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Schenectady City Council to propose plastic straw ban

Schenectady City Council to propose plastic straw ban

New law would take effect Jan. 1, 2020
Schenectady City Council to propose plastic straw ban
Tim Taney, owner of Slidin' Dirty, located at 512 State St. moves straws at the bar on Monday afternoon.
Photographer: Marc Schultz

SCHENECTADY — Local lovers of Slurpees, milkshakes and carbonated beverages may find their worlds altered next year. 

City officials announced on Monday they will introduce legislation to ban plastic straws. 

“We look forward to Schenectady not only being a smart city, but also an environmentally conscious one,” said Councilwomanr Karen Zalewski-Wildzunas, who is co-sponsoring the legislation with Councilman John Polimeni.

Restaurants would be required to provide biodegradable straws or forego them entirely.

The proposal comes amid a broader shift in curbing plastic usage, Polimeni said, citing Starbucks’ decision to phase out plastic straws by 2020 and numerous airlines culling their distribution.

The lawmakers cited not only the environmental impact, but also financial considerations.

While the city once generated revenue through its recycling program, processing costs have increased to roughly $60 per ton after China scaled back accepting foreign recyclables in its efforts to curb pollution, Polimeni said.

The city handles roughly 26,000 tons of municipal solid waste annually, said Commissioner of General Services Paul LaFond, as well as 2,500 tons of recyclables, excluding the village of Scotia.

The law would also apply to beverage stirrers. 

Lawmakers will introduce the legislation in May with a public hearing to follow.

“I’m sure we’ll get the support from the rest of [City] Council,” Zalewski-Wildzunas said.

If approved by the City Council, the ban would take effect Jan. 1, 2020.  

Establishments may provide “suitable” straws or stirrers for consumers with a disability or medical condition upon request, according to an early draft of the proposed legislation. 

Bucking the ban would be a violation-level offense punishable by fines. 

Mayor Gary McCarthy said he is supportive of the measure, calling it "a step in the right direction."

Councilman Vince Riggi did not attend the press conference, but said he wasn't opposed to a ban.

The proposed legislation should be paired with broader anti-littering initiatives that carry a financial penalty, he said.

“There’s a lot more than plastic straws littering our landscape," Riggi said. “I think we have to do a little better enforcement of our litter law."

Several area restaurant owners spoke in favor of the ban at a press conference on Monday, including Tim Taney, owner of Slidin' Dirty.

The downtown hamburger restaurant began using paper straws about a year ago, Taney said, which are three times more expensive than their plastic counterparts.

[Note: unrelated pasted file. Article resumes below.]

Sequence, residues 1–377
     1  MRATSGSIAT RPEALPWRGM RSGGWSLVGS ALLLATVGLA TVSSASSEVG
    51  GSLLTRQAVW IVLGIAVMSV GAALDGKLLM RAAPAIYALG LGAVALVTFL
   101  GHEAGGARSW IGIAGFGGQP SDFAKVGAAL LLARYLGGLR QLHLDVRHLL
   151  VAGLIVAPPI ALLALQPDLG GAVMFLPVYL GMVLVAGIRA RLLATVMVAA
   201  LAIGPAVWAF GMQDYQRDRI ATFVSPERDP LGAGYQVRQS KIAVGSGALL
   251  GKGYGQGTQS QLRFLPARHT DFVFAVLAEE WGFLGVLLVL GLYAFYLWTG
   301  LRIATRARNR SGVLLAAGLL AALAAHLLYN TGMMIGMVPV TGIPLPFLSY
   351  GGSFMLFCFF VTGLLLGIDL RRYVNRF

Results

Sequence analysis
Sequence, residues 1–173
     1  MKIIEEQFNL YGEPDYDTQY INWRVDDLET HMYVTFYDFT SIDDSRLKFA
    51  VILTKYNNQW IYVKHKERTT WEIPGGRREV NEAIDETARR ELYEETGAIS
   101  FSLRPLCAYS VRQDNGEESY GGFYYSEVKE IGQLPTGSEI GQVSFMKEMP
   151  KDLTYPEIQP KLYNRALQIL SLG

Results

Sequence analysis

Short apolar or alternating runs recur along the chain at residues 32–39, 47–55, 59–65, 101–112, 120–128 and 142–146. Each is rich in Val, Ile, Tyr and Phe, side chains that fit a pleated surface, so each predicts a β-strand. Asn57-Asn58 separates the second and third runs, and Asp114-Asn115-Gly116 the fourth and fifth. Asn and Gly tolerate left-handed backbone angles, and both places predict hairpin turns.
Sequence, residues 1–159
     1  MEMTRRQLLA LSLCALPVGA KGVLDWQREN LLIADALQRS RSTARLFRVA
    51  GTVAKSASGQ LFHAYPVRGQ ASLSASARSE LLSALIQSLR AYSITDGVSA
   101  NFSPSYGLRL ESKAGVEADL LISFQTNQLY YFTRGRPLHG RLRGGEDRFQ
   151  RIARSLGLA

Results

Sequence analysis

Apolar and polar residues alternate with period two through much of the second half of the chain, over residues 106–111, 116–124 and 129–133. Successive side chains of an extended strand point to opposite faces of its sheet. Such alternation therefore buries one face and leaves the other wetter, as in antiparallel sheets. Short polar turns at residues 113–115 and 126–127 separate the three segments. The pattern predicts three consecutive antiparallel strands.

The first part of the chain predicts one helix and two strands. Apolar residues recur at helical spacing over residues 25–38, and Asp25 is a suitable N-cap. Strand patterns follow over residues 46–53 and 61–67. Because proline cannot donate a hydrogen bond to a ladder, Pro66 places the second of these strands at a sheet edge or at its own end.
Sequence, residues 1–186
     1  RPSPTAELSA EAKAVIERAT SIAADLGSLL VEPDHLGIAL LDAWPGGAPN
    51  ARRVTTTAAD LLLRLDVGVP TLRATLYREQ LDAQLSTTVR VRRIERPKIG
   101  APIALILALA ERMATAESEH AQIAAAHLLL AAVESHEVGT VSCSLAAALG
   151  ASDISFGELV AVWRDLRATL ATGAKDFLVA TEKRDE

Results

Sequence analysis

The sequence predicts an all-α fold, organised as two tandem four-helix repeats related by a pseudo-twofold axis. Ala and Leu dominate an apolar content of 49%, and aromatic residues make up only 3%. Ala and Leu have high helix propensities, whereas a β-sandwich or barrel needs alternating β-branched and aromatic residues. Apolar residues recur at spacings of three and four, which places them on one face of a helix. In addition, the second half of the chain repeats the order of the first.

He said a ban must be paired with broader shifts in public attitudes toward plastic consumption and environmental sustainability.

“It starts with all of us, but it’s nice to see it in Schenectady,” Taney said.

Ambition Coffee & Eatery owner Mark Remsen spoke of the environmental impacts of plastic to coral reefs in Florida.

“We need to fix our choices and where we put our garbage,” Remsen said.


The move comes weeks after New York state banned the use of single-use plastic bags effective March 1, 2020, a measure advocates say will curb bag litter and reduce greenhouse gas emissions associated with their production and disposal.

"You see plastic bags hanging in trees, blowing down the streets, in landfills and in our waterways, and there is no doubt they are doing tremendous damage," Cuomo said in a statement on Monday. "Twelve million barrels of oil are used to make the plastic bags we use every year and by 2050 there will be more plastic by weight in the oceans than fish. We need to stop using plastic bags, and today we're putting an end to this blight on our environment."

Counties and cities have the option to impose a 5 cent fee on paper bags, a portion of which would be used to fund disposable bag distribution programs through the state Department of Environmental Conservation. 

Zalewski-Wildzunas said the city hasn’t yet formally discussed the legislation, citing a desire to learn more information about the new law. 

Other municipalities in New York state are weighing a ban on plastic straws, including Suffolk County, which voted earlier this month to ban polystyrene and plastic straws, and the city of Plattsburgh, which commissioned a survey last summer to study the issue. 

Also, University at Albany will begin phasing out plastic straws next semester.

Reach Gazette reporter Pete DeMola at 518-395-3113, [email protected] or @pmdemola on Twitter.

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